• Dr. Greg Grobmyer

A Trip to the Dentist Could Save Your Life!

Updated: Jan 31, 2019

Your DENTIST? Absolutely! You may think about cavities or cosmetic improvements to your smile when you go to the dentist, but dentists don’t just focus on teeth. Think of them as physicians of the head and neck. One of our most important jobs is to notice changes in your mouth that could indicate oral cancer. And since oral cancer kills more Americans yearly than cervical cancer or skin cancer, about one person every hour, this is a very important thing to be looking for! Even those without teeth should see their dentist regularly for cancer screenings. And ladies, we all know it is you who make the decisions on healthcare for the family. Make sure your spouse gets in regularly!

Cancers of the head and neck can be devastating and often deadly. Undiagnosed oral cancers very commonly require removal of teeth, jawbone, tongue, or parts of the face. It is a terribly disfiguring disease and is fatal in 53% of cases within five years of detection. The reason this figure is so high is that many cancers in the mouth and throat are often not discovered until late in their development. Early detection and treatment gives a much higher rate of survival and is much more often curable.

Risk factors include tobacco use, particularly chew or "dip" tobaccos, high consumption of alcohol, excessive exposure to sunlight, dietary deficiencies, compromised immune systems, and genetic predisposition. Men have three times the likelihood of oral cancer than women, and blacks have a higher incidence than whites. Having more than one risk factor, especially using alcohol and tobacco together, increases the risk substantially.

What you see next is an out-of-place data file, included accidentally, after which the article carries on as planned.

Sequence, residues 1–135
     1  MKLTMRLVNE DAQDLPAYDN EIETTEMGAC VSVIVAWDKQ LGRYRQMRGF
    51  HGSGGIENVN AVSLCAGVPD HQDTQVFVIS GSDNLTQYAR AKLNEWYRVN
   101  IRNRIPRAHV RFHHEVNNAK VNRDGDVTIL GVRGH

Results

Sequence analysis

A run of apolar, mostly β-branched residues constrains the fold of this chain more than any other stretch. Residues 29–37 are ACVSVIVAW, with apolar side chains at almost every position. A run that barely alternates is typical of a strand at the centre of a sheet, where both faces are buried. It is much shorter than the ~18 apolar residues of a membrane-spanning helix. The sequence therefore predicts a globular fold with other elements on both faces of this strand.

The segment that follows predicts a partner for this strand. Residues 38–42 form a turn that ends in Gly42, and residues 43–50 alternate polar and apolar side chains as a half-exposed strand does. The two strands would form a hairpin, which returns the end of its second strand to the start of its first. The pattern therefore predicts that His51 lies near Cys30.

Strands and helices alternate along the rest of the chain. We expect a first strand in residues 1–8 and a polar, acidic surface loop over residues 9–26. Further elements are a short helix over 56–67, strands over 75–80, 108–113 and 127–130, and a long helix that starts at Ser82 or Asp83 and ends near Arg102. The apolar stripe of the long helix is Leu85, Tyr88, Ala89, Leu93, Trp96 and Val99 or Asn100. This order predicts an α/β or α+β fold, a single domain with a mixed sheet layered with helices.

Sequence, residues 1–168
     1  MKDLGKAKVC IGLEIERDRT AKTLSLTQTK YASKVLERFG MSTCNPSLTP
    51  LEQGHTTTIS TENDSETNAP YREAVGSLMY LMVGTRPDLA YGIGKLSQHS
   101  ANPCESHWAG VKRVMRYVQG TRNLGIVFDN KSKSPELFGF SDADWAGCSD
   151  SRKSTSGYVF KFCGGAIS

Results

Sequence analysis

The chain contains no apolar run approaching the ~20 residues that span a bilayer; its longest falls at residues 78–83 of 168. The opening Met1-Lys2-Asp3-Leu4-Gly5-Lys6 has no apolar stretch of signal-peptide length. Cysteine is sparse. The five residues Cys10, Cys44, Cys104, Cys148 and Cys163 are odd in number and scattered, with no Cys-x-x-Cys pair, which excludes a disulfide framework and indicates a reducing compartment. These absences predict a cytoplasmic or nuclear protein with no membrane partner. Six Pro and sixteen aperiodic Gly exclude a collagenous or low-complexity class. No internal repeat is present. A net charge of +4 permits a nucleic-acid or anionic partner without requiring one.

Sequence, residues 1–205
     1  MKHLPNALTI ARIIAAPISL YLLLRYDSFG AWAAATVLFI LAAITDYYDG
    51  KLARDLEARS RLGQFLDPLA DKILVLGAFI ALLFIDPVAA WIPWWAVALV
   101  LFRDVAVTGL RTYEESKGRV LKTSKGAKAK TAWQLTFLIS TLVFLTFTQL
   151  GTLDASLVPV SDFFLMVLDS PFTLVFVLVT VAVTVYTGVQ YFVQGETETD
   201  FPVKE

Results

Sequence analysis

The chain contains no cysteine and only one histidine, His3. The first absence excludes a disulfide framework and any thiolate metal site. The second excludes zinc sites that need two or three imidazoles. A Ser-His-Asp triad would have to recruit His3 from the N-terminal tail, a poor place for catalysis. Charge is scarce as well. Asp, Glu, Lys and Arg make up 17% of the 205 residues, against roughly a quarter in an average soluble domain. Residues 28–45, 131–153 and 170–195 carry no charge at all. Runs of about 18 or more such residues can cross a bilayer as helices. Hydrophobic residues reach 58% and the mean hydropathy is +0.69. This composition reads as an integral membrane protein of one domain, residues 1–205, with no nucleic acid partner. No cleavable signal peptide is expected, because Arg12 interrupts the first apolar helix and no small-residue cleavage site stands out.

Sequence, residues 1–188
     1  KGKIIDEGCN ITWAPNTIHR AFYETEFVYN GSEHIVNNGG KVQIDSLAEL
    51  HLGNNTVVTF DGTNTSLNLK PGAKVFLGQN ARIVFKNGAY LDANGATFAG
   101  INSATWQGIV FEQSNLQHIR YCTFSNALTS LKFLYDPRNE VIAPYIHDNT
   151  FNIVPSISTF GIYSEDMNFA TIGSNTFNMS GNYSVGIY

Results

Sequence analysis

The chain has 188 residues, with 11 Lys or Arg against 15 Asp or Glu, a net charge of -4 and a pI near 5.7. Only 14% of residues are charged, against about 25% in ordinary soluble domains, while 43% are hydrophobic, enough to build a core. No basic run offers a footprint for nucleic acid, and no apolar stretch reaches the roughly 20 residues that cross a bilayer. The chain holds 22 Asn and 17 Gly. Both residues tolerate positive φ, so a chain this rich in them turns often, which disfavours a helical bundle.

Your dentist should routinely perform a cancer screening, most often at your regular checkup appointment. He will look all around your mouth, feeling your lips and cheeks, look at all sides of your tongue and the back of your throat, and may feel for lumps in the floor of your mouth, under the lower jaw, and on the sides of the neck. He might also take a special kind of x-ray that shows the bones of your jaw to look for cysts which could not be seen otherwise. Think of it as a mammogram for your mouth, but one that girls AND guys require. The oral exam should happen at every dental visit and the x-ray exam should be performed about once every three years. I find suspicious areas on several patients every year, right here in your own backyard, and most of the patients have no idea that anything is wrong until I show them on our camera system or x-ray.

You should also be aware of what to look for yourself. Pay attention to any red or white patches, sores that fail to heal or bleed, thickening of tissues, chronic sore throats or hoarseness, or difficulty chewing or swallowing. These are all signs of potential problems. If you notice such problems, see your health care provider immediately. And while self-examination is important, it is no substitution for a professional exam. You may miss something that could have devastating results.

Dr. Greg Grobmyer

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